Readability now reconsidering their iOS app

Early this morning Apple announced changes in the rules for iTunes app developers and it looks like the new rules may already be bearing fruit.

Readability, a service that lets you save web content to read it later, are already thinking about submitting their iOS app again. They'd submitted the app back in February, but it was unfortunately rejected because of the in-app purchase rule.

You see, Readability aren't set up in a way that they could have afforded to pay Apple's 30% vig. Of all Readability's income, 70% goes to content providers. If they had to hand over the other 30% to Apple there would be nothing left to run the business.

If I were them, I would have started working on a HTML5 app back in February. But if they already have an app finished, it won't take much work to get it to comply with the new rules.

About Nate Hoffelder (11468 Articles)
Nate Hoffelder is the founder and editor of The Digital Reader: "I've been into reading ebooks since forever, but I only got my first ereader in July 2007. Everything quickly spiraled out of control from there. Before I started this blog in January 2010 I covered ebooks, ebook readers, and digital publishing for about 2 years as a part of MobileRead Forums. It's a great community, and being a member is a joy. But I thought I could make something out of how I covered the news for MobileRead, so I started this blog."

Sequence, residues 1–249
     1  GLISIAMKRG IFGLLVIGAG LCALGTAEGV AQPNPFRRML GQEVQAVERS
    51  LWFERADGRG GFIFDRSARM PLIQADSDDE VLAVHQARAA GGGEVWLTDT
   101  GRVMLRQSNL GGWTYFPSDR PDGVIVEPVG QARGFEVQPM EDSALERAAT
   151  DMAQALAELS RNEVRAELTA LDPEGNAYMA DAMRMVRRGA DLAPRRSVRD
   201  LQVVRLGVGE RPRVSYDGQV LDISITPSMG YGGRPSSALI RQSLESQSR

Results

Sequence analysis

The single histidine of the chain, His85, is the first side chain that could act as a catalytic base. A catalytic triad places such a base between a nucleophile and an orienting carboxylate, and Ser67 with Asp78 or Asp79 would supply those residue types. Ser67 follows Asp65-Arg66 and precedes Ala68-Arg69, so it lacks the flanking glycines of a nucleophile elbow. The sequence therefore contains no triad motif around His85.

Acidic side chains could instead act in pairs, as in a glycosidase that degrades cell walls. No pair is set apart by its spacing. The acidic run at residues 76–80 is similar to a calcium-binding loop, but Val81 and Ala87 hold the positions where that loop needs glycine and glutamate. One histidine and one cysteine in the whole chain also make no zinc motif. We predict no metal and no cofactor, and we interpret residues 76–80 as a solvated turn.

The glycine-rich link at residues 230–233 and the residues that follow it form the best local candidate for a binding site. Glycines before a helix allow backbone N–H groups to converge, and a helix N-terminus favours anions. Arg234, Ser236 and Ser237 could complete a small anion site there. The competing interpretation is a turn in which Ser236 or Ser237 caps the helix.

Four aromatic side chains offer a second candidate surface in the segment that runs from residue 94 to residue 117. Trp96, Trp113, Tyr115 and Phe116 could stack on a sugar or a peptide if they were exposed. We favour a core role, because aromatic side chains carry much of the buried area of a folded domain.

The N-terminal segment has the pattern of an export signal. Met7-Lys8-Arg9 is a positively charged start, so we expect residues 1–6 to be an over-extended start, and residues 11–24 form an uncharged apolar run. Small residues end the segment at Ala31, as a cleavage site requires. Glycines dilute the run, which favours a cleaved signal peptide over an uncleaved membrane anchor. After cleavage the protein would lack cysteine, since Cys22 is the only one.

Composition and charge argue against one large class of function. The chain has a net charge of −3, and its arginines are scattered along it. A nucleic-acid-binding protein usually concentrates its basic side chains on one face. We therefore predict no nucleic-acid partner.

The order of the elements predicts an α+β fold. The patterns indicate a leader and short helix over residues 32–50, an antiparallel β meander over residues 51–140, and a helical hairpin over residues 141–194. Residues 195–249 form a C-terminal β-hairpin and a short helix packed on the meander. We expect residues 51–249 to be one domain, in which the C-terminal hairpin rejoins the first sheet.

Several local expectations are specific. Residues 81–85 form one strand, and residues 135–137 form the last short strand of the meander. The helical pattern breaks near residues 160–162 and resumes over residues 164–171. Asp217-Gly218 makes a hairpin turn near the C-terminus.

2 Comments on Readability now reconsidering their iOS app

  1. Html5 solutions aren’t the magic bullet that everyone acts like they are or will be.

    Take Nomad Editions for instance, it wasn’t until their launch in the iPad that they actually had their greatest success.

    As Doug of stated…

    “…I think publishers who are dreaming of HTML5 publishing should sit back a bit and ask themselves a couple of questions: first, how are their online products doing now compared to print? and how will they monetize an HTML5 magazine any differently than they would a natively designed app magazine?

    The advocates of web-based publishing often forget that most print publishers are not exactly raking it in online right now. That is why a tablet magazine, with its closed environment, is actually more like print because print publishers are generally better at selling products than they are access.”

  2. What Readability can do is go for ‘branding’ without paying advertising fees. People find out what they can do and they can put their shortest typeable URL there without making it a link.

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